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Geolocation
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Geolocation - How to geographically locate an IP Address

PIA03377_120Since all internet IP addresses are unique and every owner and provider is officially  registered, it should be possible to geographically locate any PC or server simply by it’s IP address - at least in theory. One Problem is that IP address ranges are administered by several hundred regional institutions, and it would not be very practical to query each of them directly. Fortunately some companies have specialized in collecting IP Address range information from all over the world. They are selling this information in the form of consolidated databases that are easily integrated into any webserver for the purpose of a fast lookup of a country, region, city or ISP information. Accuracy of these databases is low, however, ranging from 80 to 97%, according to their own claims. As an example, our server, located in Berlin, Germany, is believed to reside in the city of Mianyang (China) by one of the most popular databases, which sheds some doubt on these claims. Large internet service providers, such as AOL, are complicating the matter even further because they authentify all users on US servers and hand out IP addresses from their US address pool, no matter where a user dials in from.

Don’t think of geolocation as gimmickry, however. Many web servers are using it already today in order to display content automatically in the visitor’s local language  (Google does it Germany), give regional search engine results (AskJeeves), to present modified pages in specific countries, in order to comply with local law (Movielink), limiting music delivery to US citizens (Musicmatch), to prevent forgery (PayPal), for marketing purposes (Digital Envoy, Quova, Akamai), during web log analysis (“where do my visitors come from?”), or simply for the purpose of brutal censorship (China).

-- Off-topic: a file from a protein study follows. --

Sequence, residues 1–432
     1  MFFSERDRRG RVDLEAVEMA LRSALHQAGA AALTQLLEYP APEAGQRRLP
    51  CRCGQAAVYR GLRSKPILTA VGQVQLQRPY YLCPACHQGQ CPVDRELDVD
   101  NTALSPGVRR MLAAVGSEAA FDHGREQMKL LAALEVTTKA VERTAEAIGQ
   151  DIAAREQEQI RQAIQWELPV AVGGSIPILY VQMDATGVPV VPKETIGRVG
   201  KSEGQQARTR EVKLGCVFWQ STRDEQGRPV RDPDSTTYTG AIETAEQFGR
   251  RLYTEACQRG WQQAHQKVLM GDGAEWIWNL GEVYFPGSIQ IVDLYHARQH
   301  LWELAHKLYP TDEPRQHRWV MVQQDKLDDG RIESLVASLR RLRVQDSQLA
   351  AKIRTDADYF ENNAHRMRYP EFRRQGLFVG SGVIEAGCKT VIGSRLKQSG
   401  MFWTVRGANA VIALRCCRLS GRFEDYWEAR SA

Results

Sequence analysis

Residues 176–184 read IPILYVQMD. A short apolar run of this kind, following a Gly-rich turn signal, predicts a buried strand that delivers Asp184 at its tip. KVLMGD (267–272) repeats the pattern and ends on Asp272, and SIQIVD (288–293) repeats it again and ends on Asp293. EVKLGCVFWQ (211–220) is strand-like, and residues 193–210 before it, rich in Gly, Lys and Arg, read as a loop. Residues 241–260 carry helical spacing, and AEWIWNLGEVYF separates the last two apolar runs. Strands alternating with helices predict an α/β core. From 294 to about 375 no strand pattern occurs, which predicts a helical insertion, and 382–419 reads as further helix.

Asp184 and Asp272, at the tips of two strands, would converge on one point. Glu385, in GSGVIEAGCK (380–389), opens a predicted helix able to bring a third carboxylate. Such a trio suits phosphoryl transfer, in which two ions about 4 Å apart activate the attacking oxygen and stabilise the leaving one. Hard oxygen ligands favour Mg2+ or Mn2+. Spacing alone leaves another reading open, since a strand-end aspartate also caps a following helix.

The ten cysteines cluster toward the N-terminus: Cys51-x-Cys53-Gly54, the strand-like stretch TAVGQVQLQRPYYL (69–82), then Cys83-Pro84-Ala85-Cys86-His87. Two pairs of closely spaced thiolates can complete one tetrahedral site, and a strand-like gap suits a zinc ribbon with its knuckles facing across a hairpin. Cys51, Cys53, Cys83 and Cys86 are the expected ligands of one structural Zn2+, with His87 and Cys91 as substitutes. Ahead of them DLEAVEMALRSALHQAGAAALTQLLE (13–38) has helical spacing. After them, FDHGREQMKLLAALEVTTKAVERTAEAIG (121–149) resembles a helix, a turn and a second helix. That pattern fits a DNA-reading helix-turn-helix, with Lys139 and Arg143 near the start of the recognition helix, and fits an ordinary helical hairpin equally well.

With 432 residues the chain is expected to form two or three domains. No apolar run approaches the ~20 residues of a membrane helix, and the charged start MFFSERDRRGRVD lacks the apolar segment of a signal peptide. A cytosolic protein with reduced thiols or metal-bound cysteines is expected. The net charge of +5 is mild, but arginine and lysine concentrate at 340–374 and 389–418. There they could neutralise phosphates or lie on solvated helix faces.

There are rumours that even the American music industry is using geographic location techniques to analyze p2p filesharing networks for regional popularity of music, which is of value for marketing purposes. A US-Patent granted to Digital Envoy is also highly disputed, which contains little more than the banality of doing nslookup and whois with the purpose of locating an IP address.

As you see, this technology is highly questionable and completely contradictory to the vision of the internet as a global village. Quite a few people will heavily dislike personalized presentation of web content and feel patronized. Legal problems might arise if it cannot be proved beyond doubt which version of a web page has been shown to a specific visitor, or which terms of trade should apply if, during a business trip to Dubai, an American businessman accepts the Arabic version of an internet contract with a US company.

As soon as the technical feasibility of geological IP address location is fully realized outside the internet community, people will inevitably call for legal action. This could be for the purpose of defence against child pornography or any other illegal content. Every paper-based publication is, and always has been, subject to local law and regulations of all sorts. The only barrier against extending these regulations to internet publications has been the global nature of the internet and the impossibility to localize it. Obviously, this may change soon but if it does, this would mean nothing less than the end of the internet as we know it. Very few webmasters would be able or willing to keep their sites fully compliant to each and every of the permanently changing local laws in more than 193 countries and numerous regions. The fact that more and more people are already withdrawing their private homepages today because they are no longer willing to take the risk of being sued for minor mistakes should be taken as a serious alarm signal because smaller companies, non-profit organizations and third-world participants will be the next victims if this trend continues.

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